How LDL Cholesterol Becomes Atherosclerotic Plaque

Here’s an inter­est­ing arti­cle about how high lev­els of LDL cho­les­terol end up caus­ing ath­er­o­scle­ro­sis.

The body uses cho­les­terol for var­i­ous pur­pos­es, and it has a sys­tem for trans­port­ing cho­les­terol in the blood­stream. Like fat, cho­les­terol doesn’t dis­solve in water. To trans­port fat and cho­les­terol via the blood­stream, the body puts them in pack­ages called lipopro­teins. As the name sug­gests, a lipopro­tein con­tains fat­ty sub­stances (lipids) as well as some pro­tein.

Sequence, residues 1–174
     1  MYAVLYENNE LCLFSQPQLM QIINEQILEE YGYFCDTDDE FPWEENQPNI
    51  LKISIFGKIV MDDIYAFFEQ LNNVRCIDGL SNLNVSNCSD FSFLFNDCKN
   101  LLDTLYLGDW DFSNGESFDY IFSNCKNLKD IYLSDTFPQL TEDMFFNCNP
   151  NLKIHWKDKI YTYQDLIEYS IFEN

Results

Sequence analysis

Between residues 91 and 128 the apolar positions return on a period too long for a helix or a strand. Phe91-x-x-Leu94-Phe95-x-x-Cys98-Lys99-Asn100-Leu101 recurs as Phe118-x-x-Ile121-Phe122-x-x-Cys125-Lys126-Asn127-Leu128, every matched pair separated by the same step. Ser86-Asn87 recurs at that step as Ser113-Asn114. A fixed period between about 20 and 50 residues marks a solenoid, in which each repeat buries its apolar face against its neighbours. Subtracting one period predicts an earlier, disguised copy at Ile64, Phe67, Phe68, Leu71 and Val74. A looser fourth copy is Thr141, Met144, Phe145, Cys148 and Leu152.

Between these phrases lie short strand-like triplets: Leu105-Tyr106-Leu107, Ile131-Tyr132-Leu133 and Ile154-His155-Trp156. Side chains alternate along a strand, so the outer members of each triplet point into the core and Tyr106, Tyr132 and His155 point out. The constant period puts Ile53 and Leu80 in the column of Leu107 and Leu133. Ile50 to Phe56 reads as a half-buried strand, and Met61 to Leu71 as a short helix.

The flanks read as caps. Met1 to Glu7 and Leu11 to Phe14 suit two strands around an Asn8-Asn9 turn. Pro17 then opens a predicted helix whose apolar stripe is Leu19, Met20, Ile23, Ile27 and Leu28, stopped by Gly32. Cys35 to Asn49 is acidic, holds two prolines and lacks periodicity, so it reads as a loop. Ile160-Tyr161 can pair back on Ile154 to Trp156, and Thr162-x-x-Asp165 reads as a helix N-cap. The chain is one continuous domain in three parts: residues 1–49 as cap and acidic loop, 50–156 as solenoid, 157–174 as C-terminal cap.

Not only do fat­ty sub­stances like cho­les­terol fail to dis­solve in water, they float on top of it. That’s because they are less dense than water. They are also less dense than pro­tein. The lipopro­tein par­ti­cles that are largest and con­tain the most fat also have the low­est den­si­ty. The “bad” cho­les­terol that peo­ple talk about is low-den­si­ty lipopro­tein (LDL). These are lipopro­tein par­ti­cles that car­ry fat and cho­les­terol from the liv­er to the rest of the body. LDL is like a wheel­bar­row full of fat and cho­les­terol trav­el­ing from the liv­er to the rest of the body. In con­trast, high-den­si­ty lipopro­tein (HDL) picks up the cho­les­terol from the tis­sues and car­ries it back to the liv­er. HDL is like a most­ly emp­ty wheel­bar­row pick­ing up fat and cho­les­terol and tak­ing it back to the liv­er.